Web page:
Restoring shampoo

Q: Why is my scalp so itchy? Any tips to get rid of an itchy flakey scalp?

Q: Why is my scalp so itchy? I have exfoliated it to get rid of the flaking and itchiness but it didnt help. I have a dry scalp. Any tips to get rid of an itchy flakey scalp?

It is difficult to know why exactly, without knowing a bit more, or seeing the area.
It could be caused by a variety of things: you may be reacting to a harsh surfactant in your shampoo or ‘build-up’ from hair styling products, or you may have seborrheic dermatitis (eczema) and psoriasis can cause these problems too. These would require different treatments.

I’m not sure how effective ‘exfoliating’ is until the cause is established. If you have used something with a gritty texture, like sugar or salt, it shouldn’t harm your scalp in the long-term, but could further inflame an already irritated surface. If you used an alpha hydroxy acid (AHA) or salicylic acid, again, it can be irritating, and I wouldn’t recommend this sort of treatment until you have established what is causing the problem.

The easiest first… check your shampoo ingredients, this will contain at least one, and possibly three or four surfactants, and these can be responsible for the symptoms you report.

Surfactants have one end that attracts to water and the other end to oil. When there are enough in a solution, they are drawn together to make a ‘micelle’ (hence micellar water). These then are attracted to dirt suspended in oil and in water, so both are washed away in water when rinsing the shampoo. There are several types: anionic, nonionic, cationic or amphoteric.

Anionics are frequently used in shampoos as they give a nice foam, take away dirt effectively and are relatively cheap…but they can cause irritation. Look at the ingredients’ list on your regular shampoo. If it contains sulphates or sulfonates in the name, they are in this category. These are usually mixed with nonionic surfactants as these are particularly good at removing oil, these are generally not abrasive and include: cocamides and ethoxylates. Cationic surfactant won’t be mixed with anionics but could be in with nonionic and these include: dequalinium and phenamylinium chlorides, cetrimonium and cethexonium bromides. As these are positively charged and damaged hair gives off a negative charge, they can cling to the hair strands and cause build-up and irritation. They also make the scalp more oily (they bind to keratin), which in turn attracts grease more readily. (They are useful for anti-static and as disinfectants, so if you are choosing shampoo that promises either, there may be cationic in there).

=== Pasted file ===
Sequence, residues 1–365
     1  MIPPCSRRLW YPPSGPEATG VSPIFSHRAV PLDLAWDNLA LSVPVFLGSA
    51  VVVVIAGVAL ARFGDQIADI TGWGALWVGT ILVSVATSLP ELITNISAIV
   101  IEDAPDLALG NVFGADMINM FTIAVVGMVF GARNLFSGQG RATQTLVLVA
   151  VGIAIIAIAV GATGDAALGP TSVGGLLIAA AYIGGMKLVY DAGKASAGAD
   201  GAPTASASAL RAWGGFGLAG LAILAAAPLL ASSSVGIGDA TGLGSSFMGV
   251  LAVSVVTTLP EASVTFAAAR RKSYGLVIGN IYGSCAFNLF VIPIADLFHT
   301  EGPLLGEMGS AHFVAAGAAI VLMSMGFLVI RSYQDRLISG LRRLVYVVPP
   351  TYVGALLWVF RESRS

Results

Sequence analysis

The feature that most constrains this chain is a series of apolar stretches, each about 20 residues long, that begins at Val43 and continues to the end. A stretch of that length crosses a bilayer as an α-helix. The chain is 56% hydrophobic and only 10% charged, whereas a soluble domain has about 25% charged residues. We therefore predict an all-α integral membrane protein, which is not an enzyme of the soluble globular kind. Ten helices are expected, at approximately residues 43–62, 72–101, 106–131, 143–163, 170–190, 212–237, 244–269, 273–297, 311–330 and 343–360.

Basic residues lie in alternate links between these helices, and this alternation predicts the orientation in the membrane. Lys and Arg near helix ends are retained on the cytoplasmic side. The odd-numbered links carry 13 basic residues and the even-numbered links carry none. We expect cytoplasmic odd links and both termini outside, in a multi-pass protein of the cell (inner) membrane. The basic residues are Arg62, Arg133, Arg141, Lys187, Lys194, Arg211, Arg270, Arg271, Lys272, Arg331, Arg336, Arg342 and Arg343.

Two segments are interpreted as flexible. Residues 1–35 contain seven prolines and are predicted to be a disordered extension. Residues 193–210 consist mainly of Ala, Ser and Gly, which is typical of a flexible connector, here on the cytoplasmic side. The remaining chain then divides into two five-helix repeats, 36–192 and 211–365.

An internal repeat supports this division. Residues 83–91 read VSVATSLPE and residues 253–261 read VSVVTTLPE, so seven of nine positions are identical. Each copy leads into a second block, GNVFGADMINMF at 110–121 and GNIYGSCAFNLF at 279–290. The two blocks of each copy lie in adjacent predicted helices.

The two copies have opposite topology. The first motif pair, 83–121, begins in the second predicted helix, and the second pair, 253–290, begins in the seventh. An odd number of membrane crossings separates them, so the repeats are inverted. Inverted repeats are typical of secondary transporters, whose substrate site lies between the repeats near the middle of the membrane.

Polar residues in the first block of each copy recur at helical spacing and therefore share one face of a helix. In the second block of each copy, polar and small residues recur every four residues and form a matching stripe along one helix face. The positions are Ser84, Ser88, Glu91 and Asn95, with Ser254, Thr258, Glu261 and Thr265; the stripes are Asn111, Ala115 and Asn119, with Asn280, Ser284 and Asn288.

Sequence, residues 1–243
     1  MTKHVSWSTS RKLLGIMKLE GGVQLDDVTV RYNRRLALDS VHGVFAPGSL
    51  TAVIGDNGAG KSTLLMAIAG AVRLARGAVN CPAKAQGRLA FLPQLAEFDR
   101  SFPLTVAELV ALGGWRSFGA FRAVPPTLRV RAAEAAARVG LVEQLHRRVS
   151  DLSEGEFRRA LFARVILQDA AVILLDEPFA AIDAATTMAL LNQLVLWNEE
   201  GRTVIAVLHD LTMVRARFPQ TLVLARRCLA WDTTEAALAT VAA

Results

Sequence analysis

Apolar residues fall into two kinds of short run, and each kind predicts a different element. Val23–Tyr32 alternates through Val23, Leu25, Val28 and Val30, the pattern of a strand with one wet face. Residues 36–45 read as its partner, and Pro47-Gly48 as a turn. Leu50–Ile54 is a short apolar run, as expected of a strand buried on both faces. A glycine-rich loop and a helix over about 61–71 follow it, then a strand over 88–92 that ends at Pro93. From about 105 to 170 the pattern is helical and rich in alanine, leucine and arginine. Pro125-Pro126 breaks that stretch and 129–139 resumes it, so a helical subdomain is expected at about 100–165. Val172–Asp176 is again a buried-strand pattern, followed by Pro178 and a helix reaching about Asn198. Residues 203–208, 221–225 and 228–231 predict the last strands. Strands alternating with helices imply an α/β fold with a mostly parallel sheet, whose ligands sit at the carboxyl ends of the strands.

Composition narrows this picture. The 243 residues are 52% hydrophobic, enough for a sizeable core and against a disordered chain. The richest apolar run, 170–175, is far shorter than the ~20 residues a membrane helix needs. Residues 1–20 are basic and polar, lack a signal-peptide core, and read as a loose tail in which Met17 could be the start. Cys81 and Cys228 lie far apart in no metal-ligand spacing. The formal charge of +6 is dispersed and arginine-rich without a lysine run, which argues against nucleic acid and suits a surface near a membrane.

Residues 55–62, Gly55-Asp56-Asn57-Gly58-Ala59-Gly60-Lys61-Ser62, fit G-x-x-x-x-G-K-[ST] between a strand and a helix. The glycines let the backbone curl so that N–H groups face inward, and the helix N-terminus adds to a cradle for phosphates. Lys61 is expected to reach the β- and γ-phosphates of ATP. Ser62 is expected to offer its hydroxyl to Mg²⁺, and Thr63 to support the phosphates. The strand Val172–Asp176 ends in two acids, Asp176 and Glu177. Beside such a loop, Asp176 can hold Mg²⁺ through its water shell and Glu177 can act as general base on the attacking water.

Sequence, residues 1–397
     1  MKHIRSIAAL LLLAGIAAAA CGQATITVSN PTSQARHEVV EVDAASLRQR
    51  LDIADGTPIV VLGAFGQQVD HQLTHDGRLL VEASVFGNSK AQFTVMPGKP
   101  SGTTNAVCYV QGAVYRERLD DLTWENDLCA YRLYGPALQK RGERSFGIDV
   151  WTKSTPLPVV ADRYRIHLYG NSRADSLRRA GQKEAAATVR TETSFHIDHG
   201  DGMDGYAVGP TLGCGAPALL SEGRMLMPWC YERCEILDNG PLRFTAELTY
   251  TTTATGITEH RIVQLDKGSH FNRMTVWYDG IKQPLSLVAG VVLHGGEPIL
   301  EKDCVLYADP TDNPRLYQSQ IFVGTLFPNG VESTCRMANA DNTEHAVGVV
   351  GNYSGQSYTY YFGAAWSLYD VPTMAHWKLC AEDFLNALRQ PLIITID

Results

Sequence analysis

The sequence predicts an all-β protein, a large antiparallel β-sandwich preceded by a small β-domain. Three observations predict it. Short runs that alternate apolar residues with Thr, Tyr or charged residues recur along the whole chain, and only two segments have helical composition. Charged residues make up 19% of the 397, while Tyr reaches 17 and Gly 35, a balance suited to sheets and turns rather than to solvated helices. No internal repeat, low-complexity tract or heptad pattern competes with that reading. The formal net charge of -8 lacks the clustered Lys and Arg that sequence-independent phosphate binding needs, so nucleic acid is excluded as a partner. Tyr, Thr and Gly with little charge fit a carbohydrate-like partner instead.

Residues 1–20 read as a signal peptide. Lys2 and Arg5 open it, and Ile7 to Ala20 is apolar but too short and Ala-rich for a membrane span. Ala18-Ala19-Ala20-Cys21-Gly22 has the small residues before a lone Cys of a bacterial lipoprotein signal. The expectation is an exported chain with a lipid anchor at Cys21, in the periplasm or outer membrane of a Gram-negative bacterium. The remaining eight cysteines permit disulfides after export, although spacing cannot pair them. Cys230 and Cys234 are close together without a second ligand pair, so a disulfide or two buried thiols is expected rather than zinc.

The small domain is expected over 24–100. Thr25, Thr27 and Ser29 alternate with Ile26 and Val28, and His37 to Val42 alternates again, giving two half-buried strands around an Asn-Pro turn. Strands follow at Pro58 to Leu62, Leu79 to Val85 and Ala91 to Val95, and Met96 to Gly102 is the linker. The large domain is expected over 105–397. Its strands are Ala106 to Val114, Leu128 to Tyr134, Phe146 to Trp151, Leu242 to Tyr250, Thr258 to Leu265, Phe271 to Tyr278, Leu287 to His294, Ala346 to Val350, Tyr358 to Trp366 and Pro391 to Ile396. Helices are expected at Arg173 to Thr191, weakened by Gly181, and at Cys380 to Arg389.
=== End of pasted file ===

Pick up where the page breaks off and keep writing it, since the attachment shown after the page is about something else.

Formulators are looking to find the ‘sweet spot’ between cleaning effectively without irritation and it’s not an easy balance. The very gentle surfactants don’t clean very well and people tend to like a foam (I don’t know why, they just do!) and they don’t really do mega-bubbles. They are also much more expensive.

Seborrheic dermatitis.
If you have patches of skin on other parts of your body that are itchy, dry, and scaly, it could still be a reaction to a surfactant (don’t forget that if you are putting something on your hair in the shower, it will also wash over your face and body) -see above. This would be a condition that might easily worsen if you used an AHA to exfoliate - I certainly wouldn’t recommend it. If you have seborrheic dermatitis and you will find this quite uncomfortable. You should get a diagnosis confirmed by a nurse or doctor before attempting to treat it yourself. There are dietary factors, but a number of ways to calm this using topical treatments too - steroid creams are effective, but really a last resort.

Affected skin often has an impaired barrier and surface lipids, especially ceramides, degrade faster. You can treat skin (on your body or head with a simple home-made pack including aloe vera, colloidal oats and vitamin E oil). In the long-term increasing vitamins A and C in your diet can also help strengthen the skin barrier, (when it is damaged skin is more susceptible to irritants). Dimethicone has been demonstrated to help and is often used in both shampoos and conditioners, so look out for this too.

This is much more difficult to manage as it seems to be caused by an over-enthusiastic immune response. As with eczema, you should get a diagnosis before attempting to treat it. Although aloe vera and colloidal oats are unlikely to worsen either and may well alleviate symptoms. This is where a mask containing salicylic acid would be worth trying (although I wouldn’t rub anything abrasive into your scalp, whatever is causing it, but especially with psoriasis.) It can be worsened by increased yeast in the skin (as can eczema), so reduce anything in your diet containing yeast. You could try using well-diluted geranium or rosemary essential oils topically. I would recommend using a calendula or rosemary hydrosol, as a hair rinse, to improve the scalp condition. These have anti fungal properties and have done well in trials to help psoriasis.


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